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How to Start Coin Collection

As a wife of a collector, I am always curious on how to start collecting.  Sometimes wondering where he gets the inspiration of collecting items like stamps, documents, money, coins and currencies, postcards and what have you.

Whenever we travel he passionately and patiently digs out from old market items that must be added to his collection.  An item he see that he feels worthwhile are “must have”.

Collecting coins is easy, and all coins are good to have. Coin collecting is fun, safe and educational for you and your child. Most people think that you have to buy coins to start a collection, but you can begin with just the change in your pocket.

Below are 12 steps on how to start Coin collection thanks to Wikipedia.  I hope that this will spark your interest to start collecting:

  1. Don’t assume that all old coins will be in very poor condition. If you are buying coins, you can expect such coins to be in respectable condition, even if it is over 500 years old. Of course, as the age of the coin increases, the condition, if very good, will add more value.
  2. Find something to keep your coins. This does not mean that you have to buy fancy coin holders (although this would keep them in better condition). Coin holders can be fairly cheap or you can use an old shoe box or peanut butter jar.
  3. Store in a safe place. If you are buying expensive coins, invest in a safe-deposit box and containers that will not destroy the numismatic value of your coins.
  4. Ask friends and relatives if they have old change, and then, ask if you can have it or offer to buy it, depending on what feels appropriate.
  5. Check with your local bank or financial institution. Many will sell you rolls or bags of coins at face value.
  6. Expand your collection by going to coin expos. You can also visit your souq or local coin dealer for buying coins and almost all the time there’s a cheap coin bin that is suitable for kids and adults alike.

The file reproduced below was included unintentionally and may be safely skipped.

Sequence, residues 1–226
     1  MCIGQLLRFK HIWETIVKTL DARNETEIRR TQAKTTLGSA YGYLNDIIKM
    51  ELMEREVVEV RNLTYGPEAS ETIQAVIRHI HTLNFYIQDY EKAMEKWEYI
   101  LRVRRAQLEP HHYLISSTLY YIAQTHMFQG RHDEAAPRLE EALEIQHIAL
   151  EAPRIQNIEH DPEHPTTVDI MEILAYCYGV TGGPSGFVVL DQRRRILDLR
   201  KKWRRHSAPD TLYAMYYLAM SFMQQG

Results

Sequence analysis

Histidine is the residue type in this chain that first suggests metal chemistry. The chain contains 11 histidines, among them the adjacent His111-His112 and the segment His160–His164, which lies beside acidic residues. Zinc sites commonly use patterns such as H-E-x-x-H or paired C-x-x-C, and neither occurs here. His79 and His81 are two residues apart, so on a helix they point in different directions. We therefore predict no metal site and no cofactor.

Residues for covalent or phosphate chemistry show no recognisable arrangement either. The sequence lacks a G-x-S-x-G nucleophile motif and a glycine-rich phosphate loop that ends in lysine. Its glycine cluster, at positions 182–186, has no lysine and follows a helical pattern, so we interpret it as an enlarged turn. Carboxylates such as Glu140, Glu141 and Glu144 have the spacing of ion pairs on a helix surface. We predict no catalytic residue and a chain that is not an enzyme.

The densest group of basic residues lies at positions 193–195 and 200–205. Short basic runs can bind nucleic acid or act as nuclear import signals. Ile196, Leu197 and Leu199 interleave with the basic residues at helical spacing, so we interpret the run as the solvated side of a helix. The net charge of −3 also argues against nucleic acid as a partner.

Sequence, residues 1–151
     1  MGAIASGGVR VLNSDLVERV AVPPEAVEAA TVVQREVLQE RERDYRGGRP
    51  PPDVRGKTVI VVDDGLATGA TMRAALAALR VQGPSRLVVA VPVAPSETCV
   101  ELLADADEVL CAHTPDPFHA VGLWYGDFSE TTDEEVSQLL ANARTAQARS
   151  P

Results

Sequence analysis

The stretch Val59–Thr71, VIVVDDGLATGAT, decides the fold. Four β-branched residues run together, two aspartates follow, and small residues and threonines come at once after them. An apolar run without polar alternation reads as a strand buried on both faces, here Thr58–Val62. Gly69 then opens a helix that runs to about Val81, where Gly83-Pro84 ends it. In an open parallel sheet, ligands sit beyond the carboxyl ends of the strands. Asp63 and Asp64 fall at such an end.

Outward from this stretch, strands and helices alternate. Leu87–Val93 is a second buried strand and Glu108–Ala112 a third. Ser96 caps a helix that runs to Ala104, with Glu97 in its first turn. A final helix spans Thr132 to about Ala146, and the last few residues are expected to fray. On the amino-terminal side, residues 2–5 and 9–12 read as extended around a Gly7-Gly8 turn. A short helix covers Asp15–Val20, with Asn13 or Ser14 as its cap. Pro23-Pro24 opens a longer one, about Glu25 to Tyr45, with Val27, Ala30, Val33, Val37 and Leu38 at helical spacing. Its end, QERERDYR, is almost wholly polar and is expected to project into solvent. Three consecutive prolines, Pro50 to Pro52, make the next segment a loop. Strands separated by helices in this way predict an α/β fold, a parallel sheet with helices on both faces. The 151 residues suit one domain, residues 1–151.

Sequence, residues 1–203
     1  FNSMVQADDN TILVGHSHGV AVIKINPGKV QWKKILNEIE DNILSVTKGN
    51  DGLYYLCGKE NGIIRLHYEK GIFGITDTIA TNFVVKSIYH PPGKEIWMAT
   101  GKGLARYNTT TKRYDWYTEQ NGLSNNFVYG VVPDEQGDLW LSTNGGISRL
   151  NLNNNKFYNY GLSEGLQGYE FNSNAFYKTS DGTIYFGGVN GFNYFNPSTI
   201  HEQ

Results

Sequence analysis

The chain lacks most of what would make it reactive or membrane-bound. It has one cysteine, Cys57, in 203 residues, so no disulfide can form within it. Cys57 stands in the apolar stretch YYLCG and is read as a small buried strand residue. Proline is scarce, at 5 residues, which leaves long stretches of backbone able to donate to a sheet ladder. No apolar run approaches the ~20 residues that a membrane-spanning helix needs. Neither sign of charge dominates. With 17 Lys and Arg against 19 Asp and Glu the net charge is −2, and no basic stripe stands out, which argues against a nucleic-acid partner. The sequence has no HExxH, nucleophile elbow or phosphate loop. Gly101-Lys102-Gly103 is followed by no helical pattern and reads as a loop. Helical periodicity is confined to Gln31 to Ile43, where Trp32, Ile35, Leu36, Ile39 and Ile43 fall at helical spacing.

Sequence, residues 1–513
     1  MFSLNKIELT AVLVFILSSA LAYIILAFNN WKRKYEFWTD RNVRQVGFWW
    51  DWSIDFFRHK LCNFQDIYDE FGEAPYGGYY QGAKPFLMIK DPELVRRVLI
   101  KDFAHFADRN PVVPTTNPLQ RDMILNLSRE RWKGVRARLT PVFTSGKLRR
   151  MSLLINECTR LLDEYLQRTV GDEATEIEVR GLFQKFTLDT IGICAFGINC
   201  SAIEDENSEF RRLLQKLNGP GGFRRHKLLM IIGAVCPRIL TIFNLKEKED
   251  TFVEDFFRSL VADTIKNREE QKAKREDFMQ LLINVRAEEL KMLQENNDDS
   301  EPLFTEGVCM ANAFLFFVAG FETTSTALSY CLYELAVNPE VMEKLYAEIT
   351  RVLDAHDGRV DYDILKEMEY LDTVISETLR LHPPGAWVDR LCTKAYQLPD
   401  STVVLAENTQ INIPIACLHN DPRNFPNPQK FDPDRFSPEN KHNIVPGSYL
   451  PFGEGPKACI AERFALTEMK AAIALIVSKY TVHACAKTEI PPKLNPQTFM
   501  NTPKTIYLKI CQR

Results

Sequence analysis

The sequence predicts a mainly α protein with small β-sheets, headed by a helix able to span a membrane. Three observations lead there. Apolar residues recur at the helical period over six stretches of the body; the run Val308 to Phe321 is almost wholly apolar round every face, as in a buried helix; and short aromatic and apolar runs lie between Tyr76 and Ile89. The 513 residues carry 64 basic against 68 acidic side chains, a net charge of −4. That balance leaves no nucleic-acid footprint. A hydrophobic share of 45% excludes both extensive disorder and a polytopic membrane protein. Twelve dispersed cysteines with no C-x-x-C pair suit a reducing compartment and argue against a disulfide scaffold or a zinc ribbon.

7. Note that some people advise collecting coins out of pocket change. Once a modern coin has been in circulation, it is typically only worth its face value, although there are notable exceptions.
  8. Understand the grading of coins. Grading coins is often difficult and there is a tendency for people to over grade their own coins. If you keep in mind the strictest grading and use that when pricing coins for purchase, you will seldom go wrong.
  9. Avoid the purchase of problem coins. Coins with damage or deficiencies that go unnoticed at the time of purchase will sell for substantially less to a sharp-eyed coin dealer or numismatist. Keep in mind that coins with deficiencies (such as having been cleaned using mildly abrasive cleaning methods, being slightly bent, gouged) will be worth substantially less than a coin without problems. Such coins might be valued at 5-35% of the price of a problem free coin.
  10. Buy coins because you enjoy them, not because you hope to get rich. It is best to realize that what you like about coins, others will as well. Therefore, the numismatic value of your collection should grow over time, though not necessarily. Coins are often good investments, growing in value faster than the rate of inflation and, if you buy and sell carefully, there is money to be made.
  11. “Buy the book before the coin”. This is an oft-used saying in numismatics that means learn about the coins before spending a lot of money on them. Knowledge is how we tell the difference between a rare coin and one that is common.
  12. Join numismatic society. Numismatic society provide a range of opportunities to get information or buy and sell coins: Society members will meet regularly, young collectors can get advice from their well-versed colleagues, some of the members sell coins at comparatively low prices, and one will be informed about upcoming events. So, joining a numismatic association can help you quite a lot to further your hobby.

And lastly decide what kind you want to collect.

  • You might like to collect foreign coins or your home country’s currency.
  • You might like to collect smaller denominations or larger denominations
  • You might like to collect circulated coins in coin folders to try to complete a series such as your own life span.
  • You might like to collect uncirculated coins which have been available in your country.
  • You might like to collect proof sets which are uncirculated coins prepared especially for collectors.
  • You might like to collect silver proof sets which are very beautiful (more affordable than gold) and their value will increase (or decrease) as the value of silver increases (or decreases)

You may sell or exchange coins during auctions and through our online shop www.bazaar.antiquebahrain.com.

 

 

        

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